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The acute toxicity of 1,4-butanediol was tested under semi-static conditions in a 96-hour toxicity study on the killifish (Oryzias latipes) following OECD TG 203. Analytical verification of the test substance concentrations at test start and after renewal (48 h) revealed recovery rates of > 80 %. Based on nominal concentrations, the 96-h LC50 was determined to be > 100 mg/L. Values generated on the source substance will be directly applicable to the target substance. The predicted 96-h LC50 for acute toxicity to fish for (R)-(-)-butane-1,3-diol is > 100 mg/L.

 

The acute toxicity of 1,4-butanediol was tested under semi-static conditions in a 48-h toxicity study on the water flea (Daphnia magna) following OECD TG 202. Analytical verification of the test substance concentrations revealed recovery rates of > 80 % after 48 h. Based on nominal concentrations, the 48-h EC50 was determined to be > 1000 mg/L. Values generated on the source substance will be directly applicable to the target substance. The predicted 48-h EC50 for acute toxicity to daphnids for (R)-(-)-butane-1,3-diol is > 1000 mg/L.

  

The reproductive toxicity of 1,4-butanediol was tested under semi-static conditions in a 21-day toxicity study on the water flea (Daphnia magna) following OECD TG 202 (1984). Analytical verification of the test substance concentration was conducted and the toxicity values were based on the mean measured concentration. Based on mean measured concentration, the 21-day reproductive toxicity EC50 was determined to be > 85 mg/L and the NOEC was 85 mg/L. Values generated on the source substance will be directly applicable to the target substance. The predicted 21-day reproductive toxicity EC50 for (R)-(-)-butane-1,3-diol is >85 mg/L and the NOEC was 85 mg/L.

 

HYPOTHESIS FOR THE ANALOGUE APPROACH

Data for butane-1,4-diol (CAS No. 110-63-4) is used to address certain ecotoxicological data requirements for (R)-(-)-butane-1,3-diol (CAS No. 6290-03-5) in an analogue read-across approach. The basis for this read-across approach is the similarity of structure, physical-chemical properties and ecotoxicity of the source and target substances.

 

The algae growth inhibitory effects of (R/S)-1,3-butanediol were studied on Selenastrum sp. following OECD TG 201. A 72-hour limit test with a control (0 mg/L) and the nominal test concentration of 1000 mg/L was set up. Analytical verification of the test concentrations by GLC revealed a mean measured concentration of 1070 mg/L. Based on mean measured concentrations of (R/S)-butane-1,3-diol, the 72-h ErC50 is > 1070 mg/L and the 72-h NOErC is ≥ 1070 mg/L.  Values generated on the source substance will be directly applicable to the target substance. The predicted values for (R)-(-)-butane-1,3-diol are 72-hour ErC50 of > 1070 mg/L and the 72-hour NOErC equal to 1070 mg/L.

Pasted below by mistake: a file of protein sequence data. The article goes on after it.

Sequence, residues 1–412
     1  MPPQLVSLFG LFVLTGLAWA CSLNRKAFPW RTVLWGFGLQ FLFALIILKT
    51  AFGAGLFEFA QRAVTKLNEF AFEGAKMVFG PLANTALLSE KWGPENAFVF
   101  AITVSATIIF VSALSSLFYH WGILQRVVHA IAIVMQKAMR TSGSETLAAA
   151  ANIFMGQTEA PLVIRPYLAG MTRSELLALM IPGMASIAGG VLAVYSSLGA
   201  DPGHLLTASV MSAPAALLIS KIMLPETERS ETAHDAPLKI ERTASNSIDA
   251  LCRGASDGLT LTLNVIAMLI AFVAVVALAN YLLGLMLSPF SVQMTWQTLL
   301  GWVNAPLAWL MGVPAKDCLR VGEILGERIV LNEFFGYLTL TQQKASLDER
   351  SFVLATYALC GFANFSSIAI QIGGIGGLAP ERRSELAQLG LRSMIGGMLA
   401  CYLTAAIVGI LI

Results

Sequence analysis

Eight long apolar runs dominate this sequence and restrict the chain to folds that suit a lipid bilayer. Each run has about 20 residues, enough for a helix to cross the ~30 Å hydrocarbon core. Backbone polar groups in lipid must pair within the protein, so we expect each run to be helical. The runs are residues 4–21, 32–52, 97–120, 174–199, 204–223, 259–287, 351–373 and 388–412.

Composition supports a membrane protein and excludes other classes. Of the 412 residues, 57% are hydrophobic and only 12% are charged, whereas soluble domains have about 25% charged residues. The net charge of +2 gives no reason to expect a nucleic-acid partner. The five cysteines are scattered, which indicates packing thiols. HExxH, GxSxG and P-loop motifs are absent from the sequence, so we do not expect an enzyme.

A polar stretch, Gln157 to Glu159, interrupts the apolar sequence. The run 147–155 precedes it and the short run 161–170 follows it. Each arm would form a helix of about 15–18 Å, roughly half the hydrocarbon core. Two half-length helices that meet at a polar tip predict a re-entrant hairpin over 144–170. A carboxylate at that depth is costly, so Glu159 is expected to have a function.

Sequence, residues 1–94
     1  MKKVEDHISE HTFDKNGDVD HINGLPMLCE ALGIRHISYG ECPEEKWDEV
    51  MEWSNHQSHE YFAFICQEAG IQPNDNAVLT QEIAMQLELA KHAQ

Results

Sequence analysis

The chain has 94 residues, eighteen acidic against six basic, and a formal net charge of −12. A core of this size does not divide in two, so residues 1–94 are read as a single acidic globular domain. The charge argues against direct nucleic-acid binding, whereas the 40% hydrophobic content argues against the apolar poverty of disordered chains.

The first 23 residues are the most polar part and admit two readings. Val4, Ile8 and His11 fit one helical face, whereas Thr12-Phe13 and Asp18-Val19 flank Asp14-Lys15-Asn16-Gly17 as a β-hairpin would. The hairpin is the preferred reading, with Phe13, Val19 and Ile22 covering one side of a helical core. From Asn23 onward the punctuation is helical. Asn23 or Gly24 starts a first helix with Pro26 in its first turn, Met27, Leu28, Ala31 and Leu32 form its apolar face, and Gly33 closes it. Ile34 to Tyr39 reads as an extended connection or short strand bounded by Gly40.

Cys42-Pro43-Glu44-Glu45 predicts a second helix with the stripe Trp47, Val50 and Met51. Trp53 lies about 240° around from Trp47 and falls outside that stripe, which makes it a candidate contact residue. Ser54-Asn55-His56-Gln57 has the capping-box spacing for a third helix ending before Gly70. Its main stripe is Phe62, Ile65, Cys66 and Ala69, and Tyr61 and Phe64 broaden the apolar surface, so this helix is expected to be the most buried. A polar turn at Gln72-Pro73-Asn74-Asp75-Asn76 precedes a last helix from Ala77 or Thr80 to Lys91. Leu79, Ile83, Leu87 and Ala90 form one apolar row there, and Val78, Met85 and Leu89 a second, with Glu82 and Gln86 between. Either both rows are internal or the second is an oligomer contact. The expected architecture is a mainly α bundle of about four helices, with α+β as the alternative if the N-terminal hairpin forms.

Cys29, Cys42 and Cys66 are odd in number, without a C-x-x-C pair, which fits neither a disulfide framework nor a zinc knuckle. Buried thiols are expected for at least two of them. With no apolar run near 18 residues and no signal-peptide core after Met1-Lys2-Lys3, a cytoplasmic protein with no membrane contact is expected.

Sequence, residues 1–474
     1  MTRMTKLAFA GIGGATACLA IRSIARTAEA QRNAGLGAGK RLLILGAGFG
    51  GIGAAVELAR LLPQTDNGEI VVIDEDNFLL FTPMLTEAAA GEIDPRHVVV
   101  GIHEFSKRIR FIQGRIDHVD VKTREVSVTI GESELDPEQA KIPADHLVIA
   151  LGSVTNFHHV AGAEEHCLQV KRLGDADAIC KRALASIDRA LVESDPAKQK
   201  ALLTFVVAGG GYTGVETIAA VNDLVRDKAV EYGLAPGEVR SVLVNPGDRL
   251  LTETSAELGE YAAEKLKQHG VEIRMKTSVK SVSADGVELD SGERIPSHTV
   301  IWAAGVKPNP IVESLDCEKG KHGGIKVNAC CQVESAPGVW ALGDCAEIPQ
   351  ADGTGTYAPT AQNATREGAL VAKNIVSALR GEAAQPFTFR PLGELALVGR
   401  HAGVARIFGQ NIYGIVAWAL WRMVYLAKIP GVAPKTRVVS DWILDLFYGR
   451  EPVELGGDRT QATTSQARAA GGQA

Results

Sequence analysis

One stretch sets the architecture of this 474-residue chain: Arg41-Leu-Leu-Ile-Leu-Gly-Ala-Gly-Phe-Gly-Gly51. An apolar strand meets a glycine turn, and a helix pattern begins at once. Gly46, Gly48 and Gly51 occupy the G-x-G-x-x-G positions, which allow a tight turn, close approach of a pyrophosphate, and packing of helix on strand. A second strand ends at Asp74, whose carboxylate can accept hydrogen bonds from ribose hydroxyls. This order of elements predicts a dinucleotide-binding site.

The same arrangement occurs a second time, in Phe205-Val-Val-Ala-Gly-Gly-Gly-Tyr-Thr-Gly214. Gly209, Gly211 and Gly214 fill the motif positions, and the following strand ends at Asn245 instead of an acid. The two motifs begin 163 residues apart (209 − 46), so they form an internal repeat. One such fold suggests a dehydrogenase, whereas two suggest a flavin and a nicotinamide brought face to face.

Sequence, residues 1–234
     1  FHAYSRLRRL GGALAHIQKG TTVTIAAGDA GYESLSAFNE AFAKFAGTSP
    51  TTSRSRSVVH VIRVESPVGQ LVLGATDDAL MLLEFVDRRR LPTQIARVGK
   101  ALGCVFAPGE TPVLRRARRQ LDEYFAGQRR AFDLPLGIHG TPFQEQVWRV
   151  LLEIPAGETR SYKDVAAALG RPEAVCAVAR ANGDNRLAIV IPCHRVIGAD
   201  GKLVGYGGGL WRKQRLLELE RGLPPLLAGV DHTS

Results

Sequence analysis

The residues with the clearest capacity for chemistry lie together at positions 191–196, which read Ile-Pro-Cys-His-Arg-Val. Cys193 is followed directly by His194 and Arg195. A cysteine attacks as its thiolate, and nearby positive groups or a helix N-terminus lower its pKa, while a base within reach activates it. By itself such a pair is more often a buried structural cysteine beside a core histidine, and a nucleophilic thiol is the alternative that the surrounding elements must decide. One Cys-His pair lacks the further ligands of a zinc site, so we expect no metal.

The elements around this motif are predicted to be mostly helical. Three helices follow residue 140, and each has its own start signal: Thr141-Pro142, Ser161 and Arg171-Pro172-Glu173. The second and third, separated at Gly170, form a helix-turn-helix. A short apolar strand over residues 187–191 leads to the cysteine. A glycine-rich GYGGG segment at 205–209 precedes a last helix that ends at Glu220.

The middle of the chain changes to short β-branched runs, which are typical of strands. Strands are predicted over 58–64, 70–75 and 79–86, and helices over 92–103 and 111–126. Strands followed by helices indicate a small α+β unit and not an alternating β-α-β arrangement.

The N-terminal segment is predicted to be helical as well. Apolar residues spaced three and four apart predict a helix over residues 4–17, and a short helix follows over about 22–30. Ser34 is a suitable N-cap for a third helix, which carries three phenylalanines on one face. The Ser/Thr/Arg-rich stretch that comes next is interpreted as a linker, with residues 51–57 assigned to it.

The growth inhibiting effect of (R/S)-1,3-butanediol on the ciliate Tetrahymena pyriformis was determined using the TETRATOX assay. The resulting IGC50 (40 h) of 17982 mg/L indicates no significant toxicity of (R/S)-1,3-butanediol to microorganisms (ciliates). Values generated on the source substance will be directly applicable to the target substance. The (R)-(-)-butane-1,3-diol toxicity to microorganisms is predicted to be ICG50 (40 h): 17982 mg/L.

 

HYPOTHESIS FOR THE ANALOGUE APPROACH

Data for butane-1,3-diol (CAS No. 107-88-0) is used to address certain ecotoxicological data requirements for (R)-(-)-butane-1,3-diol (CAS No. 6290-03-5) in an analogue read-across approach. The basis for this read-across approach is the extreme structural similarity of the source and target substances, in that the source substance is a racemic mixture of a pair of enantiomers, whereas the target substance is solely the R-enantiomer of that source pair. Two compounds that are enantiomers of each other have the same physical properties, except for the direction in which they rotate polarized light and how they interact with different optical isomers of other compounds (ECHA, 2008). Passive absorption of a substance into a test species and distribution through its tissues are governed by the physical-chemical properties of the substance, particularly its molecular size, log P, and water solubility (ECHA, 2014), and are therefore expected to be exactly the same for both enantiomers. The R-enantiomer half of the source substance and all of the target substance have been shown to metabolise in a mammalian system to a physiological ketone body, whereas the S-enantiomer of that ketone body derived from the other half of the source substance has been shown to metabolise into a compound that is not naturally present, but which can still be utilized by a less direct pathway (Desrochers et al., 1992). On the premise that the algal and microbial test populations used in acute algal toxicity and activated sludge respiration inhibition studies, respectively, will possess a considerably broader range of enzymes than a mammalian system, the minor difference in the rates of metabolism of the two enantiomers observed by Desrochers et al. (1992) is not expected to exist in these studies, and the experimentally determined ecotoxicity values for the source substance are therefore directly applicable to the target substance.

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